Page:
The priority area sees collecting and exhibiting as cultural techniques that are linked to very specific forms of knowledge production. This applies to analogue, object-based practices, which have been firmly established since Renaissance-era chambers of curiosities and are chiefly institutionalised in the museum, but equally to today’s digital media techniques, which raise more urgently than ever before the question of the structure and significance of the collected objects and possible forms of presentation.
Within these historically and systematically broad perspectives, objects in all the diversity of their media and material characteristics – whether they are three-dimensional objects, digital sound objects, images or index cards – are first and foremost polysemic carriers of meaning. In other words, they generate different orders of knowledge in each particular domain of knowledge. As such, collecting and exhibiting are intrinsically bound to each other. Exhibitions place objects in new constellations and configurations that do not exist outside the exhibition space. They show, more or less explicitly, how objects are brought together, which taxonomies they fall under and which research practices generated them.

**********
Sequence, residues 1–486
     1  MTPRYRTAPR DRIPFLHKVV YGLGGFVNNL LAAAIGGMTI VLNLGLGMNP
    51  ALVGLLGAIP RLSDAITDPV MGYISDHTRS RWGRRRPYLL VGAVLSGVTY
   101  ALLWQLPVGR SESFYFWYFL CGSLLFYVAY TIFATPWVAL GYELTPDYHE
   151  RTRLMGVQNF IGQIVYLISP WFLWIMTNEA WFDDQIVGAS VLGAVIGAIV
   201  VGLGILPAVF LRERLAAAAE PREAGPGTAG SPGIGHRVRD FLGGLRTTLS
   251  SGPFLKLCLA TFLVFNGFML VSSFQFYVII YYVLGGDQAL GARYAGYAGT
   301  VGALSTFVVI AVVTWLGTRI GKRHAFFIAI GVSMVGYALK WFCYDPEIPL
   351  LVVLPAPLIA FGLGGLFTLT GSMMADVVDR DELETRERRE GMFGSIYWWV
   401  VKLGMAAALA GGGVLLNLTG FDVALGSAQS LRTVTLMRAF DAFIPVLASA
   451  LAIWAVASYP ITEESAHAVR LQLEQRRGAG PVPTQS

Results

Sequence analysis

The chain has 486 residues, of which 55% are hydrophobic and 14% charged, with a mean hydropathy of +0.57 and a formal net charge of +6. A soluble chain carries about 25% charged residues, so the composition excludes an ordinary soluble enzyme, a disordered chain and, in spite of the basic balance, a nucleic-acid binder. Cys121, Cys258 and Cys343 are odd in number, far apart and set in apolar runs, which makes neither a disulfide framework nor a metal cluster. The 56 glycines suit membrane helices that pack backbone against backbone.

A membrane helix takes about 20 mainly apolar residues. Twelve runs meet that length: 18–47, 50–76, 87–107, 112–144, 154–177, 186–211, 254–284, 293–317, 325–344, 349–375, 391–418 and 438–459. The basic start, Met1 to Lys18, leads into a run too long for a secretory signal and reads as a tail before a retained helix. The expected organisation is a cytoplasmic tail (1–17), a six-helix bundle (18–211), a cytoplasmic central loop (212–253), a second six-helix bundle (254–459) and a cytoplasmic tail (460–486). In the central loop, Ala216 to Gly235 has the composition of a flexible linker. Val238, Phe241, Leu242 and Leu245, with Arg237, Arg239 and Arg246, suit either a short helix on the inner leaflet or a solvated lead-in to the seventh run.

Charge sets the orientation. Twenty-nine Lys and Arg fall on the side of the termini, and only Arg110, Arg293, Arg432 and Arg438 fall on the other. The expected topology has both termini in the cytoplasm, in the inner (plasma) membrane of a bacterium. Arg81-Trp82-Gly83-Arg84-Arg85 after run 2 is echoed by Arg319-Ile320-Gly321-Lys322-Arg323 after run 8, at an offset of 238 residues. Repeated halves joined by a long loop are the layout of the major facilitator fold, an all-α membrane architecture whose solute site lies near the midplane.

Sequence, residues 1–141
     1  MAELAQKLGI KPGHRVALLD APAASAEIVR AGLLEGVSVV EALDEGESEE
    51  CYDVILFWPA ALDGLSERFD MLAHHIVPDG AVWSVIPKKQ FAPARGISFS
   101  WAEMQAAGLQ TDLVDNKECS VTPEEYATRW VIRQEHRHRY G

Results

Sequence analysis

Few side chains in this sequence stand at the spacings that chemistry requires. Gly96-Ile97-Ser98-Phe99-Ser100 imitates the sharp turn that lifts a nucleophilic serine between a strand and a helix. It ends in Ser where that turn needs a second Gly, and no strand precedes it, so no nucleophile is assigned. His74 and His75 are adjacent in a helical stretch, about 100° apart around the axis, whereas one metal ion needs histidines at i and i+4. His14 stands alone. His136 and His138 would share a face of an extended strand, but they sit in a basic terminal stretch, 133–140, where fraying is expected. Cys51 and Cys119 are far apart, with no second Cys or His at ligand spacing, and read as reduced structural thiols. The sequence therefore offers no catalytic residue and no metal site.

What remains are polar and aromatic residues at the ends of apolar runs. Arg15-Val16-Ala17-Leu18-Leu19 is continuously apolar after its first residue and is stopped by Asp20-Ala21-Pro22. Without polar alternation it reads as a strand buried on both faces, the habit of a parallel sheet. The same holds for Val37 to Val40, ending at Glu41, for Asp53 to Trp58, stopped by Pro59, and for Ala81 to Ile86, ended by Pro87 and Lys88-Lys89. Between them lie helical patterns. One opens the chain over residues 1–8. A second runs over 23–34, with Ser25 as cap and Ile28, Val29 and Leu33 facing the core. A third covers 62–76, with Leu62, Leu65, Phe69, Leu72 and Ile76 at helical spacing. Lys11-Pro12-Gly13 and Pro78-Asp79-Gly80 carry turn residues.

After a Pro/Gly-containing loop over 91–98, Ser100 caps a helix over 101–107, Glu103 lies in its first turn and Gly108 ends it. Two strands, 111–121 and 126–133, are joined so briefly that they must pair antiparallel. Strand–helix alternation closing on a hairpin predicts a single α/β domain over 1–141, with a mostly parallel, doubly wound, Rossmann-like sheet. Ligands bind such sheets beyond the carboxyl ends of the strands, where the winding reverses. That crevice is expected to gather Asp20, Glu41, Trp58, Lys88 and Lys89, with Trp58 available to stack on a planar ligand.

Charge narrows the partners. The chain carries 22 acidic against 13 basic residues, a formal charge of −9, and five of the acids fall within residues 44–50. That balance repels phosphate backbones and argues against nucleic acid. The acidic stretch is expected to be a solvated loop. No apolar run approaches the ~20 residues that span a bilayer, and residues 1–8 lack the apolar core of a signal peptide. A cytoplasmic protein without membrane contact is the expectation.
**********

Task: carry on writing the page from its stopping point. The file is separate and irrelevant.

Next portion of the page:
Collections are the tangible result of a research practice that is always primarily oriented towards showing and exhibiting – not just in the museum, but also at universities and especially at the Humboldt-Universität zu Berlin in its past and today. Drawing on the history of the university’s own collections, this research priority area links the theories and cultural techniques of collecting and exhibiting with current challenges in research and science communication.
Priority Area Leaders:
Dr. Jochen Hennig
Prof. Dr. Christian Kassung